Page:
Diplomats Day Out
Spread over 16 square kilometers, Rara Lake, the biggest lake in Nepal, is one of the most beautiful spots in the Himalayan nation.
But because of its remoteness—it’s located within the Rara National Park in Mugu district of western Nepal at an altitude of over 3000 metres above sea level—not many tourists coming to the country venture to the area.
So one would presume a sponsored trip to this location is something no one would want to miss. But while that’s true for most, the same can’t be said for diplomats based in Kathmandu.
Only 13 diplomats including five heads of missions turned up when the Nepal government sponsored a three-day outing for ambassadors based in Kathmandu to Rara Lake and Bardiya National Park in Bardiya district of far-western Nepal in the Terai belt.
Organized jointly by the foreign ministry, tourism and aviation ministry and the Nepal Tourism Board to promote tourism, the trip was the first such outing in 11 years after the practice of taking ambassadors on junkets was stopped in 2000 during the peak of Maoist insurgency.
But despite trip planned weeks in advance, ambassadors of only six nations—China, Russia, Germany, Myanmar and Egypt were able to take the flight from Kathmandu. The charge d’ affaires of Israel and diplomats from Finland and Canada were also in the group.
Absence of US, French, British and Indian ambassadors—all of whom are viewed as having influential roles in Nepali politics–from the trip that cost the organizers around NRs 10 million (Rs 62.5 lakh) was something that didn’t do down well with the foreign ministry officials.
Indian ambassador Rakesh Sood and US envoy Scott H DeLisi informed that they would be unable to join the trip as they had already been to these tourist locations. Instead of another Rara trip, Sood, who’s leaving Nepal next month, was maybe more busy packing bags.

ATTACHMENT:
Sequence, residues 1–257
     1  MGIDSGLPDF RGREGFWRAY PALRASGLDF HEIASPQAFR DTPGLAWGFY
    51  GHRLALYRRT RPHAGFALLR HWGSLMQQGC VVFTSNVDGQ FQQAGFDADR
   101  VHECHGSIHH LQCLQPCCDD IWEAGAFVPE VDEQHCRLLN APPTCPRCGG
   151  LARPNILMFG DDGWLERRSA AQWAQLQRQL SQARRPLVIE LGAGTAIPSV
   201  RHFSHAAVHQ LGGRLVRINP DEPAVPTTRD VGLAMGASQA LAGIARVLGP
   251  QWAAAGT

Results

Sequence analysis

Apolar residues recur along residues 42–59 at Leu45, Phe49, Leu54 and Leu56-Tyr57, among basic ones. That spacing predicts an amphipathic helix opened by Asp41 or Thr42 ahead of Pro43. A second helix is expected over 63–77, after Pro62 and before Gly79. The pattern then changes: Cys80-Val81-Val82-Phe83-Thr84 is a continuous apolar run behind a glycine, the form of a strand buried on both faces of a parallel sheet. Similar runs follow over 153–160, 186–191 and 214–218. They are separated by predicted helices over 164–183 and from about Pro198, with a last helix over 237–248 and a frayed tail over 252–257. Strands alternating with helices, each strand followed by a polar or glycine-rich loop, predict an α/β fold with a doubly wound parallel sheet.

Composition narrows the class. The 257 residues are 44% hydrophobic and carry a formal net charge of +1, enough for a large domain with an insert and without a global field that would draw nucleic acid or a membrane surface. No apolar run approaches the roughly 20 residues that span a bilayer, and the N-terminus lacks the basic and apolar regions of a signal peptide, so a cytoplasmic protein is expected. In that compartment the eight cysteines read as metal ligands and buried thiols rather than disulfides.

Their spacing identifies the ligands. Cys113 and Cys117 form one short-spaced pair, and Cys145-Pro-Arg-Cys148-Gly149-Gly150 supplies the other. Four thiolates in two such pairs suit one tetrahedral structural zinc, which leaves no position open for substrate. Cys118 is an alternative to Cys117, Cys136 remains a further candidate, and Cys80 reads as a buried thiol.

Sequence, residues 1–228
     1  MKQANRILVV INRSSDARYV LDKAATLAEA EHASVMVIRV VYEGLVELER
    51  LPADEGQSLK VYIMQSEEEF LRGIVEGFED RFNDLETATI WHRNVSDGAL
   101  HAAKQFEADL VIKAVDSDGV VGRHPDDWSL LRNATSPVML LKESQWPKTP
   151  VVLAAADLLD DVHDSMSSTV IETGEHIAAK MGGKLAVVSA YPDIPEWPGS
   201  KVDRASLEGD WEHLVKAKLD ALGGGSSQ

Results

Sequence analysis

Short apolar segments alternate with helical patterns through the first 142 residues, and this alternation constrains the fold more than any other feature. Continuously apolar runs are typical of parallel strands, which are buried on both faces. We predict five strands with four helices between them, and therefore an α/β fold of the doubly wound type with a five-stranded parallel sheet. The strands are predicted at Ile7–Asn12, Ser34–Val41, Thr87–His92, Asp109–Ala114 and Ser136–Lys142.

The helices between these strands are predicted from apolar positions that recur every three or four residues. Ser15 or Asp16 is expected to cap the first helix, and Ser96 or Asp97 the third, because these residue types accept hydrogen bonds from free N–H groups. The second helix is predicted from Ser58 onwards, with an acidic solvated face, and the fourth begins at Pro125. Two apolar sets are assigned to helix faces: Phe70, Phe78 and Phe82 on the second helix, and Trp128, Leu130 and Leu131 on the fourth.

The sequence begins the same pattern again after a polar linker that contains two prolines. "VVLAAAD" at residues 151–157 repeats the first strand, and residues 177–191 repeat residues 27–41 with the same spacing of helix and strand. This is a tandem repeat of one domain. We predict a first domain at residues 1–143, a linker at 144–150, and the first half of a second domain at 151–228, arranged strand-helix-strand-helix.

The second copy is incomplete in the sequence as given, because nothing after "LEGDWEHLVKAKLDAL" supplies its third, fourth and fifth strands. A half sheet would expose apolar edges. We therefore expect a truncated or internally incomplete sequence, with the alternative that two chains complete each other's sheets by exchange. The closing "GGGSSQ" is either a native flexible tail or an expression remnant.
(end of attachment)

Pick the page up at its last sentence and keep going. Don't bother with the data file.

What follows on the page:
British ambassador John Tucknott and some others cited prior engagements as reasons for their inability to join others. Hence, the possibility of these envoys ‘cooking some political recipe’ along with sightseeing evaporated even before the trip started on Friday.
Envoys of major countries like India, US, UK and France who contribute a lot for developmental projects in Nepal have a lot of say in political affairs of the country which is still going through the trial and error process of recovering from the 10-year-old Maoist insurgency.
Non-attendance by their ‘friends’, didn’t dampen the spirits of new Chinese envoy Yang Houlan, his wife and the rest who donned life vests and took part in a ride on inflatable rafts while enjoying the scenic views around Rara Lake.
From there the group flew to Bardiya where they stayed at the Tiger Tops Karnali Lodge located close to the national park. Here they encountered one-horned rhinos while riding elephants. They managed to see footprints of tigers, but the Royal Bengal stayed out of their eyesight.
Rafting on the Karnali and a traditional Tharu culture and cuisine were also enjoyed before the group returned to the hustle and bustle of Kathmandu and back to their diplomatic duties on Sunday.
A rejuvenated Houlan met Deputy Prime Minister and Home Minister Krishna Bahadur Mahara the very next day and urged him to beef security measures to control any demonstration that Tibetan refugees in Nepal could undertake during Communist Party of China’s 90th anniversary celebrations on July 1.
Meanwhile foreign ministry officials are still upset with the absence of other important envoys in the trip who they feel are interested more in political dialogues in Kathmandu than a pleasure trip.
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